Inside the ambulance, some children’s drawings offer a pop of life and color to the sanitized medical equipment. But Maxim also shows me photos on his cellphone of the ambulance covered in blood — pooled and spattered on the floor and walls. 

“We have many who need this,” he says, referring to the stretchers. “Many different situations can be in this war.” His team wants to put a portable stretcher in each armored personnel carrier so that, if attacked by the Russians, it can help with evacuating the wounded. 

This was Öhman’s first time meeting the medics, and he said it was important to do it face-to-face.

“How we’re working, it’s a lot of personal relationships and making personal connections,” he said. 

DAY 3 

3 p.m. — Kharkiv to Kyiv

We arrived in Kharkiv, Ukraine’s second largest city, Sunday afternoon.

The morning had been surreal. After arriving at a different hotel in Dnipro around 1 a.m., I got a decent night’s sleep and in the morning took stock of the German-Bavarian riverside vacation retreat where we had landed. Breakfast was served in the sunshine along the water in individual gazebos. It was like we were enjoying an all inclusive trip — and then we were back on the road.  

The drive to Kharkiv was about three hours, and we’d spend only three hours in the city, which has fiercely resisted a Russian takeover, with the border roughly 30 miles away.

It feels cosmopolitan and somewhat lively despite the signs of Russia’s attacks. We pass a shopping mall with the glass windows blown out and shops boarded up after a rocket strike.

Öhman directs us to an empty parking lot to hand over helmets to a Ukrainian brigade commander, who declines to be interviewed but lets out a “Super!” when he sees the quality of helmets.

He invites us for lunch at a building serving as their headquarters. Baked catfish, cured meats and traditional Ukrainian coleslaw salad are on the table. We’re served homemade borscht, lard on toast with pickles, and rice and meat.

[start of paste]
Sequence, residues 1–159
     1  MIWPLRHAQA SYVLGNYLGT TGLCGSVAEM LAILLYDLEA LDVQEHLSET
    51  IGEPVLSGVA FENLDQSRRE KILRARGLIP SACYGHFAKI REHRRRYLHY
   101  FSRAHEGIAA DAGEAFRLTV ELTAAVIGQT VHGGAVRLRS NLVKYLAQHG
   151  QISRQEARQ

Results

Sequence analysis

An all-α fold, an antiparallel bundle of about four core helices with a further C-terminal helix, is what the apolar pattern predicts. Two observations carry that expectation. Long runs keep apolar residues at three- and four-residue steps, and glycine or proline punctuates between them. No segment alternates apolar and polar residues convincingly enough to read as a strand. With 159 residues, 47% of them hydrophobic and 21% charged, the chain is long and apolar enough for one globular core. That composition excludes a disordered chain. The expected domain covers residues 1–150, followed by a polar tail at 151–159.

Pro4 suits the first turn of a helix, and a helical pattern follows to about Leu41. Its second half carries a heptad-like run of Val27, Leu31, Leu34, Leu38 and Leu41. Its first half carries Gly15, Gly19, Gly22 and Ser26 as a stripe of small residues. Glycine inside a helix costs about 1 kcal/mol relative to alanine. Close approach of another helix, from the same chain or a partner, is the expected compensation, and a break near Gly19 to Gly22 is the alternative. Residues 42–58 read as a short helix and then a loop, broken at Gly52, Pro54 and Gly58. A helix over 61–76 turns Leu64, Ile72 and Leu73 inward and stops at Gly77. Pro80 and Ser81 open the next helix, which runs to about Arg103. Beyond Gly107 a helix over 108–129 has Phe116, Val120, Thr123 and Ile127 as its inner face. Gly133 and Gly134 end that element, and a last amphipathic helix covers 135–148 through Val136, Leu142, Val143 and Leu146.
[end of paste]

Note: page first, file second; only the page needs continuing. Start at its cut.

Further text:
The conversation takes place largely in Russian and Ukrainian and I’m offered little translation, except for one anecdote from the commander. He describes speaking with an older woman in a recently liberated Ukrainian village in the south who said Russian soldiers were incredulous at Ukrainians’ basic amenities, like a fence for their yard. 

“‘Who gave you permission to live like this?’” the soldier asked the woman, per the commander’s telling, and he shakes his head.

The next stop was a repurposed office building that is the headquarters of the Freikops, a dobrebat but that coordinates closely with Ukrainian forces. 

The building could house a tech startup, with graffiti art on the walls, an open floor plan, and snooker and a ping-pong table in the center of the room. 

A few of the soldiers are on leave from the front for a week of rest and training. They sleep on stacked mattresses in the basement, with some curtains strewn up for privacy. Next to the sleeping quarters is the weapons arsenal — rifles with their call signs stacked in the corner. 

Laura Kelly/The Hill

Makar, the 26-year-old commander of the unit, shows off a stockpile of seized Russian weapons, including a Kalashnikov machine gun. Some of these weapons are being repurposed for use by the Ukrainians, but are largely trophies from the battlefield. 

The visit was supposed to give me a chance to get a sense of the front lines through those leading the fight, but Makar can say little about what the unit is doing operationally. He mentions that the morale of the soldiers is high, but they are also speaking with military psychologists to deal with post-traumatic stress from the battles. 

6 p.m.

We begin the seven-hour drive to Kyiv, where I’ll leave Blue/Yellow. Around 10 p.m., and about an hour outside of Kyiv, we drive over a brightly lit bridge. All the street lamps are on. It’s a jarring contrast to the darkness of the past few nights. 

Tags russia Russia-Ukraine war ukraine